2. In that context, adding even 48 howitzers, 120 mortars and/or 24 anti-aircraft cannons (with significant ammunition) would be meaningful if the objective is limited to hardening Singapore and training troops for larger weapons deliveries later....so relatively low numbers may not be ideal, but it's most certainly still better than none.
3. And if Japan does hold off and does re-group prior to an attack in 1941 (which I agree is likely the highest probability outcome), it just gives the Far Eastern Colonies more time to arm and train themselves with weapons they otherwise would not have. Italy could make a fortune selling weapons into the theatre over the 15 months between TTL and OTL attack on Singapore. Just as a side note, if the UK, France and Holland were not buying weapons for their Far East colonies from Italy, I would argue they would be buying other non-compatible weapons systems from the USA. So in this case, the advantage to them is it allows is that they can trade raw materials (which Italy desperately needs) as opposed to gold or $USD, and if they pay a premium, they likely get weapons significantly faster than from the USA who would likely need to setup new production lines.

Lastly to your point about territorial concessions in Austria to Italy - I totally agree with this and would contend it's part of a larger comprehensive agreement to ensure Italy had more to gain by siding with the allies than with Germany.

You could also consider a large butterfly and have partial payment to Italy in the form of Far East land concessions to actually put Italian "skin" in the game. Just spitballing, but all of the UK, France and Holland could offer up small chunks of colonies to provide Italy with their own sources of rubber and oil, which would then necessitate a new Italian Fleet be based in the Far East, while relieving pressure on the Mediterranean.
 
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An Re2005 ( or even a 2000) with a powerful engine like the Merlin would be nice though.
Mmmm...reminds me of one of my favourites...Fiat G.59 -
Fiat.jpg
 
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ou could also consider a large butterfly and have partial payment to Italy in the form of Far East land to actually put Italian "skin" in the game
German Pressure caused Italy to cut back assistance to the KMT, and don't forget, Italy still had a Chinese Concessions of Tientsin, Shanghai, and Hankow, plus a tiny outpost in Peking.
 
Lastly to your point about territorial concessions in Austria to Italy - I totally agree with this and would contend it's part of a larger comprehensive agreement to ensure Italy had more to gain by siding with the allies than with Germany.
I'm a bit unsure as to why. Italy got all they wanted of (German) Austria at St. Germain. What remains is held by Yugoslavia, not Austria. To be honest, they are having trouble with all the Germans they already annexed in South Tyrol as is. One might be able to make some arguments geographical for further gains in Carinthia, but even those would be minor and (given their geography) mostly worthless.

You'd probably get a better reaction offering a restoration of pre-Anschluss Austria, and then offering Italy a free hand there to turn it into another Albania.
 

perfectgeneral

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Didn't the Ariete (Re 2001) have an inline engine and come in a navalised version with a tail hook rooted just behind the wing?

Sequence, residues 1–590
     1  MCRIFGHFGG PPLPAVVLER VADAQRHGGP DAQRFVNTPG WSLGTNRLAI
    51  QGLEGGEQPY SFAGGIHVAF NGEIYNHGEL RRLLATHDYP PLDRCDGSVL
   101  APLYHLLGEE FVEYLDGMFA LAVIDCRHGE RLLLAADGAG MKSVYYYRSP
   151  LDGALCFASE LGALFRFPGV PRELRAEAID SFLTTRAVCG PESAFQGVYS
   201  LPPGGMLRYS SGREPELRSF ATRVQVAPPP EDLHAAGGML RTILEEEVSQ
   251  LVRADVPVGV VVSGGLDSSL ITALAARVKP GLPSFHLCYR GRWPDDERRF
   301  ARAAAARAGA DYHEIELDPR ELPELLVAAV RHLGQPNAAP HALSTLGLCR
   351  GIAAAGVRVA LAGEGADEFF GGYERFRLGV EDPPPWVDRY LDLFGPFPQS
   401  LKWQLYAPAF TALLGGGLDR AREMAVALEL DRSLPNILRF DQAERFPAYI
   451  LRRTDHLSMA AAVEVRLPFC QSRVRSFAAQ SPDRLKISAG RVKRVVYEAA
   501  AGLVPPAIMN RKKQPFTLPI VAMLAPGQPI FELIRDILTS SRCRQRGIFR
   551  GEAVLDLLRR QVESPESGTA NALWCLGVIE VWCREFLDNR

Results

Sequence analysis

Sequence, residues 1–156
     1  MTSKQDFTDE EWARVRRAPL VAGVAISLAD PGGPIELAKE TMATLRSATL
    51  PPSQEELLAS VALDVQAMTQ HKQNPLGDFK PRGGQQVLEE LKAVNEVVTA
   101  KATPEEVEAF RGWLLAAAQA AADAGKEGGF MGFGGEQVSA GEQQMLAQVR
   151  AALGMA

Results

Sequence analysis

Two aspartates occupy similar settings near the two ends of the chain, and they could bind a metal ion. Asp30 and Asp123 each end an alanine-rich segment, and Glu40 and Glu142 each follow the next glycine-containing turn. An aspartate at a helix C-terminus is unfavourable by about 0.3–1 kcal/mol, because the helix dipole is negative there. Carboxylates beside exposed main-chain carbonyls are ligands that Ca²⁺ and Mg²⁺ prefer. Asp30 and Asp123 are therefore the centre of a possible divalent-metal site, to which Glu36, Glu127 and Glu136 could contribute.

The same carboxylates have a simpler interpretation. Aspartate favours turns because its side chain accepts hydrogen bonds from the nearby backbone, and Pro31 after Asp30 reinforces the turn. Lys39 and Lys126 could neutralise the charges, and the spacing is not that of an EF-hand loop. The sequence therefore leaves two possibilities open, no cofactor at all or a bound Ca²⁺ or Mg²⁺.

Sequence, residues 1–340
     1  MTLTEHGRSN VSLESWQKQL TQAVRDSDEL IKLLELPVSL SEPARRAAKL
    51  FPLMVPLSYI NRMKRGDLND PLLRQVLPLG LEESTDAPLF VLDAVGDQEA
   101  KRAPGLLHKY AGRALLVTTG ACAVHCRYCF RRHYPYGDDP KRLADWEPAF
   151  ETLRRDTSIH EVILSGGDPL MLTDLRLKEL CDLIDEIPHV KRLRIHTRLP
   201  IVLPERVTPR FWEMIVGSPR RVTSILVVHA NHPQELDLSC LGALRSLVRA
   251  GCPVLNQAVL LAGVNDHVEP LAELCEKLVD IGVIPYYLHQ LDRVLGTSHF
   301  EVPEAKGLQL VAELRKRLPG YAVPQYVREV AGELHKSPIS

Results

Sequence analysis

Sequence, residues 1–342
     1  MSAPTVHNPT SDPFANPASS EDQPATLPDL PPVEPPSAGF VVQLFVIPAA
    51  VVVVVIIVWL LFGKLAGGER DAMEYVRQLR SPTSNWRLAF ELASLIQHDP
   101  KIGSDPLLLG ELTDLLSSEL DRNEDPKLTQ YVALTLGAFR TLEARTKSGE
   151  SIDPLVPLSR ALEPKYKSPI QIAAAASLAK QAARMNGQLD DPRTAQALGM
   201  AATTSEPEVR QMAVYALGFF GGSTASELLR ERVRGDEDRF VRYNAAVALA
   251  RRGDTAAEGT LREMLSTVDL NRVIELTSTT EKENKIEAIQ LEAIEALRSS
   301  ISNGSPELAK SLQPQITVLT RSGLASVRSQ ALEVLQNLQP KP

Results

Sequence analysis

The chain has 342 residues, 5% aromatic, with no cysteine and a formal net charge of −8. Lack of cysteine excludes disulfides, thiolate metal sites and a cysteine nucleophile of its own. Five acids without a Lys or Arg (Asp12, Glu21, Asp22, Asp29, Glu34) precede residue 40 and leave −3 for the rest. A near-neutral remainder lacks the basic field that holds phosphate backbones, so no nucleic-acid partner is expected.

Could the Italians supply quicker without engines?
reggiane-2001-s.gif
Aviastar.org

Although it had a thick wing with even thicker wheel mounts and bits sticking out all over. I'm sure the forge of Weyland could do better. The Hurricane only needs a publicly available report purchased from NACA to convince Hawker back in 1934 that they need to limit the wing chord/thickness ratios to less than 14% at the root.
 
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Didn't the Ariete (Re 2001) have an inline engine and come in a navalised version with a tail hook rooted just behind the wing?
Could the Italians supply quicker without engines?
reggiane-2001-s.gif
Aviastar.org
Problem is its using a licensed version of the German DB601 and only really turns up in 1942. Its only really equivalent to a Hurribomber in terms of speed/payload so by the time the design is upgraded ( Re 2005 equiv ) the UK will be popping out more planes than it knows what to do with.
 
In the PAM TL using the Fairy Monarch H24 engine the RAF have the Hawker Tornado (a working Typhoon) in spring 1941! would that do. The Monarch would give the Firefly 2000hp plus in 1941 if developed!! By the way what does this all have to do with the celestial dragons tanks?
 
I'm a bit unsure as to why. Italy got all they wanted of (German) Austria at St. Germain. What remains is held by Yugoslavia, not Austria. To be honest, they are having trouble with all the Germans they already annexed in South Tyrol as is. One might be able to make some arguments geographical for further gains in Carinthia, but even those would be minor and (given their geography) mostly worthless.

You'd probably get a better reaction offering a restoration of pre-Anschluss Austria, and then offering Italy a free hand there to turn it into another Albania.
Ah, the Mutilated Victory claims. What Italy really wanted was Dalmatia and Fiume, which it had been promised in the Treaty of London. Unfortunately Woodrow Wilson was rather against that, especially when it turned out that the Italian-speaking Dalmatians had for the most part mysteriously vanished and there were all these inconvenient Slovenes and Croatians all over the place instead.
I don't think that Dalmatia was on the table realistically at Trianon.
 
Norwegian Sea 1
8th June, Norwegian Sea, 1000

Admiral the Earl of Cork was in something of a dilemma over the report of heavy units of the German fleet. If only the Germans had waited one more week, the landings at Mo-i-rana would have been complete, and he would have more ships available. His first action had been to recall the battlecruisers, with the sinkings some 400miles west of Bodo, the report of a raider was either wrong, or at least not the heavy ships he really wanted to sink.

His problem was the distribution of his own heavy ships. Given the previous pattern of action of the Kriegsmarine, he was facing either cruisers or the twin battlecruisers Scharnhorst and Gneisenau. With Repulse and Renown away, his only battleship with his main force was HMS Valiant. HMS Warspite was on the way, which helped, but she wouldn't be in a position to cover the troop convoy that had sailed a few hours ago. The convoy only had a close escort of four destroyers, and while these would be sufficient to protect against an attack by light units, they couldn't hope to stop cruisers. The reported position of the German ships was well off the coast, and he also had to worry about them actually trying for a breakout rather than heading for action off Norway.